Radical Prostatectomy

Radical prostatectomy is an operation to remove the prostate gland and the cancer contained within it. You may be suitable for this treatment if your cancer is thought to be contained within the prostate gland and you are otherwise fit and healthy.

The advantages and disadvantages of all types of surgery depend on your age, health and the stage of your cancer. Your surgeon should discuss this with you.
• If the cancer is completely contained within the prostate, surgery will remove all of it.
• The prostate is sent for testing which will give a clearer picture about how aggressive the cancer may be and how far it may have spread.
• It is easy to measure how successful the surgery was, as your PSA should drop to less than 0.1 ng/ml a few weeks after the operation.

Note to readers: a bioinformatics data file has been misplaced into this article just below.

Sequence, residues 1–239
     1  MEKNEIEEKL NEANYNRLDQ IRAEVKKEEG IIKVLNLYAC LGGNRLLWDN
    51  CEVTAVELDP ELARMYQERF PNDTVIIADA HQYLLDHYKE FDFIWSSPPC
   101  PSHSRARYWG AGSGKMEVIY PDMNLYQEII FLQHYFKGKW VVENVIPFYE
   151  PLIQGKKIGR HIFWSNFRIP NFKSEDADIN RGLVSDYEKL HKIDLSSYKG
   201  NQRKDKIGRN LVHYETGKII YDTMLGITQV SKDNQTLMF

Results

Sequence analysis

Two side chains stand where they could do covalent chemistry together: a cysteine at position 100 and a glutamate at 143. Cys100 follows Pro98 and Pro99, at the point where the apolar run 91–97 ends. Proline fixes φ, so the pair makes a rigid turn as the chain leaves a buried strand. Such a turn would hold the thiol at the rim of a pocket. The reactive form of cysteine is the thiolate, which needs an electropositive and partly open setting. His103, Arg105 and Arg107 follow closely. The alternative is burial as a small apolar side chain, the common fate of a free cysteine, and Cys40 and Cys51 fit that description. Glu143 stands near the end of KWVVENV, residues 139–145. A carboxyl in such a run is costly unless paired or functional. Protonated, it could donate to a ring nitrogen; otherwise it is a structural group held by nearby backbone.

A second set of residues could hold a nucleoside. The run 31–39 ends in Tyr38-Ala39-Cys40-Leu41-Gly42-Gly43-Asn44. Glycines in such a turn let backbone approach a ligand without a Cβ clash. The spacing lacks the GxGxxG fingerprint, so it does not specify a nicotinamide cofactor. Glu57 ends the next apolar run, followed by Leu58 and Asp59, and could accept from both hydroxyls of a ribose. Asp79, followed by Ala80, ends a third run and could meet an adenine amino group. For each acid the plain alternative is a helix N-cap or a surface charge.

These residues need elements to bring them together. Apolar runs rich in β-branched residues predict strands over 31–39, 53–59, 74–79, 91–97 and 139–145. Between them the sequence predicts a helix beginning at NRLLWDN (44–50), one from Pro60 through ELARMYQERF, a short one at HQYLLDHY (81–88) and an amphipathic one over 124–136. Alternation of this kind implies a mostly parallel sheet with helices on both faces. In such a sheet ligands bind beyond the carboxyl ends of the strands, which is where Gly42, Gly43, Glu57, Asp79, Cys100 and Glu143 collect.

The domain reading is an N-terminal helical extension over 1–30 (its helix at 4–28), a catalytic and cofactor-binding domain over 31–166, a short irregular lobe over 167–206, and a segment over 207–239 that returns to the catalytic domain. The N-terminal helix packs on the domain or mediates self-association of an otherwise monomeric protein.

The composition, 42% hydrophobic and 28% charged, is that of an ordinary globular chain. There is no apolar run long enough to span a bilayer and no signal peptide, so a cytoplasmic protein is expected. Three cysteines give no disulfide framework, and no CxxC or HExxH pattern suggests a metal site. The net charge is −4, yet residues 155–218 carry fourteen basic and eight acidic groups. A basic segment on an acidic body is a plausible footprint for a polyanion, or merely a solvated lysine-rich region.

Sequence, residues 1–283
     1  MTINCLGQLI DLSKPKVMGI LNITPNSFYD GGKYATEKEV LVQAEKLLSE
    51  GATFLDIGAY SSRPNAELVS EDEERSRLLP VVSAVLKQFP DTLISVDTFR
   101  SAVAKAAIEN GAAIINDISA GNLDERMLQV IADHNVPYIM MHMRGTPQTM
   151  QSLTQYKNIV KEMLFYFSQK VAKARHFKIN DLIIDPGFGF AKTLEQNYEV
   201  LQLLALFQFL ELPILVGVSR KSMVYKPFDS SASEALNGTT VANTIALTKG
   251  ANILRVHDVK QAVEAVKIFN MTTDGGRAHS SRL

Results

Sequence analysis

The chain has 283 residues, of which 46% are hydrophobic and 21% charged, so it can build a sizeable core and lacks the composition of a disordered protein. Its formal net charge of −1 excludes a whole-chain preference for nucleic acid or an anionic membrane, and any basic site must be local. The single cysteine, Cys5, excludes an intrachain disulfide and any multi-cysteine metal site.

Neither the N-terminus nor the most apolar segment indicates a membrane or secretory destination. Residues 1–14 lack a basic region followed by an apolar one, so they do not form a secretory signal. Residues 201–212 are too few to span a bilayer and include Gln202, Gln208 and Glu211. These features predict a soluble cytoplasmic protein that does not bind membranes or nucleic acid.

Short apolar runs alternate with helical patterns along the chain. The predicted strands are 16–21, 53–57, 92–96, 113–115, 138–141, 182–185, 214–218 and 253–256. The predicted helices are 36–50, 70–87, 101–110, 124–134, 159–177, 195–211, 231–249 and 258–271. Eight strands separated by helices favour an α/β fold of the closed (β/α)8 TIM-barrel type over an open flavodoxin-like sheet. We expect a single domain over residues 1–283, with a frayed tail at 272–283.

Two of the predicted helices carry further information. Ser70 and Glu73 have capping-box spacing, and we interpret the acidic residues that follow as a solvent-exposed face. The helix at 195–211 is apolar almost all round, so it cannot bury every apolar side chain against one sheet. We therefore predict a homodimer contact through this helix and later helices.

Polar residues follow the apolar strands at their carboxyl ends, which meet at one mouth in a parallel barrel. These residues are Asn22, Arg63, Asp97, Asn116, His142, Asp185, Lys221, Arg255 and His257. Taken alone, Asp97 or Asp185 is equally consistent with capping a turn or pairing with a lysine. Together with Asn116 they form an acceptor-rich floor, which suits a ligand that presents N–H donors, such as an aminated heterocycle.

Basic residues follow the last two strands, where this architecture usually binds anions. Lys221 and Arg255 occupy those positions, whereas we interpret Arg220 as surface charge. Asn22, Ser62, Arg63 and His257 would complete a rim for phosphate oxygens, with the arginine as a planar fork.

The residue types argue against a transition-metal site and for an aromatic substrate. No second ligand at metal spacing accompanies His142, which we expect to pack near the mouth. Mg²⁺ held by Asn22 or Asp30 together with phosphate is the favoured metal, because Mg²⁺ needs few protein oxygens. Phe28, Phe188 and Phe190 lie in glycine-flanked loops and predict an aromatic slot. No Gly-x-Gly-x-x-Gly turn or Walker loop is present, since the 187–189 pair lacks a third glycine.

• If your PSA starts to rise, you may be able to have further treatment with radiotherapy or hormone therapy.

• There are risks in having a radical prostatectomy, as with any major operation.
• You will need to stay in hospital and it will take some time to recover afterwards.
• If the cancer has broken out of the prostate gland, the surgeon may not be able to remove all of it.
• There is a high risk of side effects such as erection and urinary problems.
• You will not be able to father children after surgery as the prostate gland, which produces some of the fluid in semen, is removed.